News flash! “The Hunger Games” isn’t ALL THAT! I deliberately avoid reading a book before seeing the movie. Maybe afterwards. But, I saw nothing in this much-anticipated film that would make me WANT to read the over-hyped novel that started this craze.
Yes, I realize it’s number-one on the best-seller list. But, that means nothing to me if the filmmaker’s vision is off the mark. This movie has problems that are hard to overlook.
But, let’s start on a positive note: Jennifer Lawrence. This is an actress with amazing potential. Her Oscar nomination for “Winter’s Bone” was no fluke. She has talent in spades. I’m gratified to learn that “Hunger” fans have more-or-less bestowed their blessing on her performance as Katniss Everdeen. The only downside is that she may have to reprise the role.
Now for today’s sermon on the “suspension of disbelief.” In the future, the overwhelming majority of the population lives in hunger and despair. Except those fortunate enough to live in the Capital City, where the uniform of the day seems to be the Munchkin stylings from “The Wizard of Oz.”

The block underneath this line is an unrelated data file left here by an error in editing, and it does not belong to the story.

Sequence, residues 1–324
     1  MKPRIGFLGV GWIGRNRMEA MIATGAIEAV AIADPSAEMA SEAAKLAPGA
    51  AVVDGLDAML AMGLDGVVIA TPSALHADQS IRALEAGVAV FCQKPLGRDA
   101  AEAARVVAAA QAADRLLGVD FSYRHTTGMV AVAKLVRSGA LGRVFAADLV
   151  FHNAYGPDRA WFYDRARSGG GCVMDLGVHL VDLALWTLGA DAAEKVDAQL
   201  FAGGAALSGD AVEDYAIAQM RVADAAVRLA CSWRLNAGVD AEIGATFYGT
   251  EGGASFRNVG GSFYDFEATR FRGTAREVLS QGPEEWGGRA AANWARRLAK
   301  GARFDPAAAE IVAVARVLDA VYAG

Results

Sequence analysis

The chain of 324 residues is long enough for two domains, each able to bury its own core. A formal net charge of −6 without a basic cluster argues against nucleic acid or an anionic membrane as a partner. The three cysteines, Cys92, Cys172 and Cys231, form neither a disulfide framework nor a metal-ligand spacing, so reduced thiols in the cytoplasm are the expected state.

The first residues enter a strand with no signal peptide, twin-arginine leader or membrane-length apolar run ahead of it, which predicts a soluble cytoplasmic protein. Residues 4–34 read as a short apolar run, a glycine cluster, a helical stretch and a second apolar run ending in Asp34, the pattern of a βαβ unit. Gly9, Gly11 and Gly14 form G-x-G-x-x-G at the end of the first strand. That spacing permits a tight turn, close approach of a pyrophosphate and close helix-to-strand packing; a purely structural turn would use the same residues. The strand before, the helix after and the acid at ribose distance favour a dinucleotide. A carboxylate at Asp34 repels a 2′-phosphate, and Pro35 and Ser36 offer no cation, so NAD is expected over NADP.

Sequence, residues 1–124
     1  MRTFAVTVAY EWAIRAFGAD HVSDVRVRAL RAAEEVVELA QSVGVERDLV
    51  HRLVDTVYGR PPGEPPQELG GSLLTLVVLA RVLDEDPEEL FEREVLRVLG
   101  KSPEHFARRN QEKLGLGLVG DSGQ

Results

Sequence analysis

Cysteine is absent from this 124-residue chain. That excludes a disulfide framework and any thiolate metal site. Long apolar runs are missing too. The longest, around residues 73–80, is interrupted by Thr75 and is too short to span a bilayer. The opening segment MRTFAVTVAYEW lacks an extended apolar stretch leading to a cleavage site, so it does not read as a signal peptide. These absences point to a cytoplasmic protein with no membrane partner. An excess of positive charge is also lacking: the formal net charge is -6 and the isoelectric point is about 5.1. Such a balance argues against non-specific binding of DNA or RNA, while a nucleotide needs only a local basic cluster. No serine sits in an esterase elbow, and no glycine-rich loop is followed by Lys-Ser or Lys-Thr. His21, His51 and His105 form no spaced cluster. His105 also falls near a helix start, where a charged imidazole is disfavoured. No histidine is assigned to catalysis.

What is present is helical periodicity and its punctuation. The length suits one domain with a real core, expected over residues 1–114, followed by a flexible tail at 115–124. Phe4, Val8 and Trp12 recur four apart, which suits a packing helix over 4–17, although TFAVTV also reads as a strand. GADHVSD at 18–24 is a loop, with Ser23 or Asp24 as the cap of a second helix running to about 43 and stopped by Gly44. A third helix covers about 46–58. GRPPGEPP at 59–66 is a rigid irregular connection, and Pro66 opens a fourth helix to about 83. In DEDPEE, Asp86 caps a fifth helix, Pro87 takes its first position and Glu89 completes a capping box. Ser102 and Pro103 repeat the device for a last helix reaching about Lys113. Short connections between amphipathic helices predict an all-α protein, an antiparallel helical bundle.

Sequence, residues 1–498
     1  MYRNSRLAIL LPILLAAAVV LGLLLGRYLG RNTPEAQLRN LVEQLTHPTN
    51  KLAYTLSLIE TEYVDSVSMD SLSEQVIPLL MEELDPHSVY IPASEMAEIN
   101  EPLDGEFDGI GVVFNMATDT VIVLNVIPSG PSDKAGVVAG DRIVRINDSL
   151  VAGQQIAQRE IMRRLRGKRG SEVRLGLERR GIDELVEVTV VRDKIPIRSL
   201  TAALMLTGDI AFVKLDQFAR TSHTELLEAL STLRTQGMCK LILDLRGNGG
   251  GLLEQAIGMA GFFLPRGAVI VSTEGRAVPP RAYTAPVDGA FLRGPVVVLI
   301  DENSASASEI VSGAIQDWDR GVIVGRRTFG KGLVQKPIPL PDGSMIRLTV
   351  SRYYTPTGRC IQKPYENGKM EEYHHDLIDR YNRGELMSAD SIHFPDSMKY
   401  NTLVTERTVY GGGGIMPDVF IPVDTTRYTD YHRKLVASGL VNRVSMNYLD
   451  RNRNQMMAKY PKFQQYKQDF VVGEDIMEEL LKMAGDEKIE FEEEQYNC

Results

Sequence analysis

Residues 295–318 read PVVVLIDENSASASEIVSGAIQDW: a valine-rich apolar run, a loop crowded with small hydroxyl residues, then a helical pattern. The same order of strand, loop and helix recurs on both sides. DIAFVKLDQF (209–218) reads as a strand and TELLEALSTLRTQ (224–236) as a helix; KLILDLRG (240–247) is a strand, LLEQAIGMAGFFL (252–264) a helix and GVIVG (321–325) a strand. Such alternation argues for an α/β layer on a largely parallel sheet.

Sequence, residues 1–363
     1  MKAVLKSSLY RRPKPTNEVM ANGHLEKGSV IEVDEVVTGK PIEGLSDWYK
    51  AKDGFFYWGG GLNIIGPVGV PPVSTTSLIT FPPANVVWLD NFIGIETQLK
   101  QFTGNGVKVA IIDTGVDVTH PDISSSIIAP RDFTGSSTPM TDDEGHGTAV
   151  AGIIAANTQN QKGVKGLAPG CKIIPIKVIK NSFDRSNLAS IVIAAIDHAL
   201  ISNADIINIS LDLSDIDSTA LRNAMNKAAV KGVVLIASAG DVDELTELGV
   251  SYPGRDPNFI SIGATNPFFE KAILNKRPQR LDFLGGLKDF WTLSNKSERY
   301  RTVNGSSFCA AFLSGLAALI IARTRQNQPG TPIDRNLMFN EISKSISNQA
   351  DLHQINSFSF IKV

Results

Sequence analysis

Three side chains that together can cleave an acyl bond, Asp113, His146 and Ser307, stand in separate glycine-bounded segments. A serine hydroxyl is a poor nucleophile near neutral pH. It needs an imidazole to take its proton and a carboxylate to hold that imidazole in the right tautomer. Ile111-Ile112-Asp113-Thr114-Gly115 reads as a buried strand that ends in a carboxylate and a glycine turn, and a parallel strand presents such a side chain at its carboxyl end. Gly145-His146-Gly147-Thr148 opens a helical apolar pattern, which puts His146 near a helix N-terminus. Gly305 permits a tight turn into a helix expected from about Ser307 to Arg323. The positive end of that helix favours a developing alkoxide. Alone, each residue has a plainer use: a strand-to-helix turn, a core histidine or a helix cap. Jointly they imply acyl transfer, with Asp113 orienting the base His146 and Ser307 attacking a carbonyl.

Like in “Rollerball” and “The Running Man,” the population is so depraved they want to see human kill human in some sort of amusing role-playing game. In “The Hunger Games” they use children from each district and let them OFF each other in a technologically advanced Sherwood Forest.
Victims are chosen by lotteries conducted in their districts, so no one is picked unfairly. After all, this is certainly about fairness. It’s implied that the districts are pretty much fed up with the carnage. But, apparently it’s really tough to turn away from the televised action because the ratings are through the roof.
So, what else is wrong with “The Hunger Games?” The logic. It just doesn’t make sense. We are told the districts were defeated in a civil war decades ago. By who? The morons who populate the Capital City? Let’s face it. People do not dress or speak like the people in this movie. Not even in the weird postapocalyptic future. How can such a group of puffy over-the-hill fops exert any control over the masses? They look like they should populate a scene from “Alice in Wonderland.”
As far as the novel is concerned, what works on the page may not translate to the screen. That’s always been the challenge of bringing a writer’s vision to the movies. Adjustments must be made, even if the results might be disappointing to some. It all comes back to “suspension of disbelief.” Amen, and God bless. Grade: C-